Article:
In the old days, mortgage lending was just like Jimmy Stewart in “It’s a Wonderful Life,” says Notre Dame sociologist Richard A. Williams. You got a mortgage from the savings and loan, and the loan was offered at a fixed rate for 15 or 30 years.
But those were also the days of what Williams terms “the old inequality”—minorities and those with low incomes just didn’t get loans.
Williams’ research interests focus on the impact of mortgage lending on racial residential segregation. He and colleague Carolyn Bond published a paper in December 2007 looking at 200 metropolitan statistical areas nationwide, using figures from the 2000 census.
The question the paper asked was this: If racial segregation in neighborhoods was caused by an inability to get mortgage loans, did the rise in subprime lending in the 1990s – enabling minorities and those with spotty credit histories to get loans for the first time – affect housing segregation?
“It had often been argued that disparities in lending were contributing to racial segregation,” Williams said. “Minorities could not get loans like whites could.”
Because subprime loans are concentrated in minority neighborhoods, Williams’ speculation was that prime loans (those with favorable terms, granted to borrowers with good credit and down payments) would reduce racial segregation, but subprime loans would not.
“That’s pretty much what we found,” he says. “Prime loans, which are widely distributed across a variety of neighborhoods, did have a modest effect on decreasing segregation.”
He’ll be revisiting the issue after the 2010 census. The collapse of the subprime mortgage market, he suggests, may have a real adverse effect on racial segregation – particularly if lenders stop making loans to low income and minority families.
“My guess is we’ll see even stronger effects during this decade than we did during the 1990s,” Williams says. “Subprime lending grew a lot during the 1990s, but it grew even more during this decade, at least up until recent months. So my guess is that the effects we saw during the 1990s will be even more pronounced in the 2000s.”
The real tragedy is that studies have shown that as many as half of those with subprime loans could have qualified for a regular loan, Williams adds.
“Minorities were disproportionately likely to get subprime loans, and to get a worse deal in the lending process compared to comparable whites,” he said.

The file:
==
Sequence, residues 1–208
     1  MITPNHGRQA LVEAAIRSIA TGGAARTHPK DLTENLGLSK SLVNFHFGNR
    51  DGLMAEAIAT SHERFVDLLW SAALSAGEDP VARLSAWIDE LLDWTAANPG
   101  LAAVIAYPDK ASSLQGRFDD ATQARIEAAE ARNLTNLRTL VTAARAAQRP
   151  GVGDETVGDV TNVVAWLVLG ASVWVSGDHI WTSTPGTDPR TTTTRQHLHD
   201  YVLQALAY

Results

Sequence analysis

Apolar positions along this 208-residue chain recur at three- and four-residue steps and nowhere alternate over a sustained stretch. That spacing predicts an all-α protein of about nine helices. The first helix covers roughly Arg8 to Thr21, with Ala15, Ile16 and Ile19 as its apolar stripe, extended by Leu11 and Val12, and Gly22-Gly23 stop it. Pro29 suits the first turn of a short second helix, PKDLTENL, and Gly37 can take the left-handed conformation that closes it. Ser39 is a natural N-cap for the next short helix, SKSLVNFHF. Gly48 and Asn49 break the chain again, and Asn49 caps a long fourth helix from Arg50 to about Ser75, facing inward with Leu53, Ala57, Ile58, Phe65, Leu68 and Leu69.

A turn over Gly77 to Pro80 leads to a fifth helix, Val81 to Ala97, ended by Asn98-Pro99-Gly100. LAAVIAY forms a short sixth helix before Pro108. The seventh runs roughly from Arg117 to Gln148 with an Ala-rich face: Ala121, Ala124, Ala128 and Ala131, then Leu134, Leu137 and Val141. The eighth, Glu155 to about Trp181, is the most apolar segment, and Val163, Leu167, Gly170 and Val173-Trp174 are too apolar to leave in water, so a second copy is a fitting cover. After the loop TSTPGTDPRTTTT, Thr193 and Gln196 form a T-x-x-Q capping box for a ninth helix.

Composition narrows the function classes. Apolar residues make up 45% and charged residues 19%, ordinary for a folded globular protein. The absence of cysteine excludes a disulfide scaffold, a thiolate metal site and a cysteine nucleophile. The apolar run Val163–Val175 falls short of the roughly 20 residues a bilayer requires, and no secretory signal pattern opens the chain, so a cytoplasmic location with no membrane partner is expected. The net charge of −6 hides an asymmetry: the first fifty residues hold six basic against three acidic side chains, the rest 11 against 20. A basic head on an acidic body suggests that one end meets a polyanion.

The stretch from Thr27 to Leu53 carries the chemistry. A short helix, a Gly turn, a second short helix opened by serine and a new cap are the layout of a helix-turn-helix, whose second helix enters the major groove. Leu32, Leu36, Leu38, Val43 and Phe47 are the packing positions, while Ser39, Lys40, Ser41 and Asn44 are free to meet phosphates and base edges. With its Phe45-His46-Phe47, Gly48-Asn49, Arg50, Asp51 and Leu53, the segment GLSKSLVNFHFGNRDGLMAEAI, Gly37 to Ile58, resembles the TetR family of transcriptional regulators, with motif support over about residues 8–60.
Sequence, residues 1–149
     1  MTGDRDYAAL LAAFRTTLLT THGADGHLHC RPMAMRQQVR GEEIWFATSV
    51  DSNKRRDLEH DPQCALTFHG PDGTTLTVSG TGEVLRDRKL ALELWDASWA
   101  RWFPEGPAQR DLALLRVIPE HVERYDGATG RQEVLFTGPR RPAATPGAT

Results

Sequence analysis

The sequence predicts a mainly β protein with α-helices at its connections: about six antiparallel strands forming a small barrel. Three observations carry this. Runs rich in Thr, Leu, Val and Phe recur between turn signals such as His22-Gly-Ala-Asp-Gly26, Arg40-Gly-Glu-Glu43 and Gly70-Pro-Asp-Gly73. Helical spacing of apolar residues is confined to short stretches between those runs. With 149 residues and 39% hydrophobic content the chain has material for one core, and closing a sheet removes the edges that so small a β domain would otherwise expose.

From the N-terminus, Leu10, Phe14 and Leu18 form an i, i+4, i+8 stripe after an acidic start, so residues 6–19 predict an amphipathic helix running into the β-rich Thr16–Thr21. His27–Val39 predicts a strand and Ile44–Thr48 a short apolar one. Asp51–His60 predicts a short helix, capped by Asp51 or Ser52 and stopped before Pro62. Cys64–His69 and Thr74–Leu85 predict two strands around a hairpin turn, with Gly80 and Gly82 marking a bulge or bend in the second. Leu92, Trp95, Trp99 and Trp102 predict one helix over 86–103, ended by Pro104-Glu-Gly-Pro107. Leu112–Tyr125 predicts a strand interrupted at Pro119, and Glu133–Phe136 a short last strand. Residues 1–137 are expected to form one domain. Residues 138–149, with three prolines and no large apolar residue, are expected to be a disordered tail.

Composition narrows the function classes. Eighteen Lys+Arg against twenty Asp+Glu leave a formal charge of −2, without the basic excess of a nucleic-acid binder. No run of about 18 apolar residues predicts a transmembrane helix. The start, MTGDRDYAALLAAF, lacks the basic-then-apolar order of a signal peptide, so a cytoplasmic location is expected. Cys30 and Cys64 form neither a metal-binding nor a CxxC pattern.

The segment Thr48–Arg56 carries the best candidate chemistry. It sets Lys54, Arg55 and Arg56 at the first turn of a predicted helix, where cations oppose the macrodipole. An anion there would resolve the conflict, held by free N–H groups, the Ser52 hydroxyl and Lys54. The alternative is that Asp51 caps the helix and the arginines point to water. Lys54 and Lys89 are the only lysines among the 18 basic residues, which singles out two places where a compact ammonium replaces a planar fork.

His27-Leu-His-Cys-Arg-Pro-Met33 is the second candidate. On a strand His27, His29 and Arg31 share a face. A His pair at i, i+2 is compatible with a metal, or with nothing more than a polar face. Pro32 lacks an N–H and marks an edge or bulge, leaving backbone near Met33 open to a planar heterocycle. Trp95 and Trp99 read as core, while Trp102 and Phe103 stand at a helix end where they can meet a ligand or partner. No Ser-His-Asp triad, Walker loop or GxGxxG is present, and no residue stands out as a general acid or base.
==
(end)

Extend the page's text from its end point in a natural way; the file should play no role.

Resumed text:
And minorities are being hit harder by foreclosures.
“Black home ownership has fallen by 3 percent in the last four or five years,” he says.
In 2005, he notes, subprime lenders were the only ones marketing loans in minority neighborhoods.
“Maybe you’ve been told by other lenders that you can’t get a loan, and you see the ads, and all of a sudden someone is willing to make you a loan,” Williams notes. “But what nobody tells you is that you may be able to get a home, but you might not be able to keep it – especially with the kinds of loan terms that are being offered.”
To date, Williams notes, half a million subprime borrowers have lost their homes to foreclosure, and as many as 1.8 million more may lose their homes as the market deteriorates.
It may be worse to have a home and lose it than never to have owned a home at all, he points out.
“You’re not doing people any favors,” he said. “They lose equity, and have damaged credit ratings. Another concern is what it does to neighborhoods when you have empty and abandoned properties. The neighborhood starts to go down because people don’t want to move there.”
But rather than go back to the system of 20 years ago, when minorities simply couldn’t qualify for loans, Williams says, “I hope we have a system where minorities – or anybody – can get loans, but at fair terms. You’ve had a system with a lot of abuse and shortsighted practices. My hope is that we come out of this with a more regulated loan market, with more reasonable loan terms.”
Originally published by newsinfo.nd.edu on February 26, 2008.at